The third annual Athletics Data Conference – AthTech18 – bringing together some of the leading technology experts in the sport for a two-day event in the northern Spanish city of Gijon on 9-10 October.
A wide variety of topics were covered but for many participants the three most crucial areas were: open standards and standardisation in formatting of athletics data; the General Data Protection Regulation (GDPR), which was implemented across the European Union earlier this year, and competition management.
The two organisers of the conference – in conjunction with European Athletics – Martin Alvarez-Espinar of local Technology Centre CTIC/W3C Spain and Andy Robinson of British athletics data company OpenTrack, looked at data standards within the sport and data sharing, as well as provided proposals and suggestions for European-wide standardisation initiatives.
“By having standards, and making it mostly open data, we open the door to anyone, to do anything with the data, in real time,” commented Robinson, explaining the rationale for moving towards standardisation. “At the end of the day, we save time and make athletics a more efficient sport in so many areas.”
“We speak a lot about a digital future but there is still no central data platform,” he added. “And some major athletics federations are still doing their rankings by hand.”
Legal counsel David Brunsdon, Head of Compliance at First Rate Exchange Services, took the delegates – from 18 different countries including representatives of 13 European Athletics Member Federations through GDPR and what it means for athletics.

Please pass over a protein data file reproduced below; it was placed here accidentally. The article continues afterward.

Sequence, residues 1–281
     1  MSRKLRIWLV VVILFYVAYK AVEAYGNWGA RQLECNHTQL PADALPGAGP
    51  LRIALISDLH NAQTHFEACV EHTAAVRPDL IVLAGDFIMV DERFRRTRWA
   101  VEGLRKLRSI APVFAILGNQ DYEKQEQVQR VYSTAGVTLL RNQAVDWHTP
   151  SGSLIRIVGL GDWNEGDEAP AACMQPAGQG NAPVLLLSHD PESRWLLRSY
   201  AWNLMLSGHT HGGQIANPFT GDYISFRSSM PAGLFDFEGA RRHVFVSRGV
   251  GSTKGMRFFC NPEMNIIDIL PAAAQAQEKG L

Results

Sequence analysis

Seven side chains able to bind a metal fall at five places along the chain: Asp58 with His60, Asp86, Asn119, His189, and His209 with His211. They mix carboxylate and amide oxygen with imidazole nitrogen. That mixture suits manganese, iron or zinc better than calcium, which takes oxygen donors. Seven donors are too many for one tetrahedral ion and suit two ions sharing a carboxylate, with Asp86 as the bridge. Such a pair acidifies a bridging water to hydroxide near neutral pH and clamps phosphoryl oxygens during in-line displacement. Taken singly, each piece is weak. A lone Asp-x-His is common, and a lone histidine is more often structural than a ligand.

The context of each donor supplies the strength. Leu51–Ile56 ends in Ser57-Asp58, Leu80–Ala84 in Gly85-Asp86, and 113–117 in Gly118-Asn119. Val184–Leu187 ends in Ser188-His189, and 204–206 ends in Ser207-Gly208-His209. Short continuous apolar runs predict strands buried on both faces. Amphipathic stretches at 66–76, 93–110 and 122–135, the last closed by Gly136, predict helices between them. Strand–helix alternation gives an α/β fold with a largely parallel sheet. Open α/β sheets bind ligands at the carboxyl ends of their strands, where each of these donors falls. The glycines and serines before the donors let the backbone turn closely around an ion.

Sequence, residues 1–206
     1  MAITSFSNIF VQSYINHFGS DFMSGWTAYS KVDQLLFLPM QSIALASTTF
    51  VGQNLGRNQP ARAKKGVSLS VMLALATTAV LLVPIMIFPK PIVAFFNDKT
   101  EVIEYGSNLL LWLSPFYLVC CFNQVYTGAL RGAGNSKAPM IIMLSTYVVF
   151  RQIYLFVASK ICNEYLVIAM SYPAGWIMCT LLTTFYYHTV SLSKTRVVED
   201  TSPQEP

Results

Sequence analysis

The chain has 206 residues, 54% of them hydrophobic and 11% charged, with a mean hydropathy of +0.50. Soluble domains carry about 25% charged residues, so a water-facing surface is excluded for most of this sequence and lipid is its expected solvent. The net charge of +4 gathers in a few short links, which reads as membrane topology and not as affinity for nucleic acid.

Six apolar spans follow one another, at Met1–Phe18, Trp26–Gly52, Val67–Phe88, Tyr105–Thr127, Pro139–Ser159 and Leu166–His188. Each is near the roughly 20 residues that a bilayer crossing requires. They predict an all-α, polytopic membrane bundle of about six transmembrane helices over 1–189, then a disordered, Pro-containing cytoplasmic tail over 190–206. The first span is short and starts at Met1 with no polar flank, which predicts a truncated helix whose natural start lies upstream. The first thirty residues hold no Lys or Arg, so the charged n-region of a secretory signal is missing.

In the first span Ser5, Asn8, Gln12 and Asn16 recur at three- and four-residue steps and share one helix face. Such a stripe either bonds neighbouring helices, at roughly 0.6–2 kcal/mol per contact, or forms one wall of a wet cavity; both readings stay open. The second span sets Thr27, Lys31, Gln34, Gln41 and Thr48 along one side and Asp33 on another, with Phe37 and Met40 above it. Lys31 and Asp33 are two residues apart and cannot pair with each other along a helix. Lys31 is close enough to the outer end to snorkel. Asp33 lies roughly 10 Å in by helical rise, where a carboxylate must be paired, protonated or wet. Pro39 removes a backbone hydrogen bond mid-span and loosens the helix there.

“GDPR was not designed for sport primarily, and the European regulators are in some cases sympathetic to the situation with sport, but it could have serious implications and we have to be aware of what those are,” reflected Brunsdon.
Robinson also looked calendar management and the technology that could help standardise and harmonise athletics calendars at an international, national and local level ad well as putting a cogent case for standardising and facility information and producing a global calendar.
Spanish athletics federation Director of Competition Anacleto Jimenez, himself a former European indoor 3000m gold medallist then gave a federation perspective, demonstrating the approach of one of the largest European Athletics Member Federations to service and competition management.
The conference was also a forum for commercial companies to not only show and market their products but also part of the discussion about data standardisation and facilities documentation.
Several companies demonstrated their timing systems and relevant innovations at the AthTech Run – a mixed gender and multi-age group road relay – held on the first evening over 10 laps (10x975m) of the nearby El Kilometrin alongside the Rio Piles in the city.
The conference was concluded by presentations on how organisations can get the most out of their data with respect to engaging the media by the well-known athletics writer and commentator Phil Minshull and the renowned statistician Mirko Jalava, who heads European Athletics statistics partner Tilastopaja.
“I see this conference shaping the way we bring new elements and new technology into athletics as well as helping Member Federations develop their own initiatives,” said European Athletics Technology Manager Nicolas Launois.
Adding a global perspective on what has generally been seen as European-driven initiatives, and also providing an overview of the IAAF Digital Strategy, was the IAAF Chief Information Officer An Dang Duy, who commented as part of his keynote address on the opening morning: “This is a unique event, European Athletics are the only Area Association hosting such a conference; there is not anything like it anywhere else in the world.”
Duy elaborated on the IAAF Digital Strategy in terms of new initiatives in engaging the sport’s audience, using data to propel innovative TV graphics as well as core issues such as at athlete and participant data and the moves towards a Universal ID.